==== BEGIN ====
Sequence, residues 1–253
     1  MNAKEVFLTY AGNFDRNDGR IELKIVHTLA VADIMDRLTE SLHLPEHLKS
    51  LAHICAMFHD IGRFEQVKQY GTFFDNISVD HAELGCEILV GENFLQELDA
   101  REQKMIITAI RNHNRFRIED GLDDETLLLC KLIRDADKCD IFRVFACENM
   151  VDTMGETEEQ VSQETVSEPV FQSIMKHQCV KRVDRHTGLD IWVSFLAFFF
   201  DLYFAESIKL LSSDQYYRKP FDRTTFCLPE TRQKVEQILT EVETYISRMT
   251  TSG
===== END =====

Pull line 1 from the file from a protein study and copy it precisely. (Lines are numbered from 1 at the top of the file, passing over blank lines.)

Sequence, residues 1–253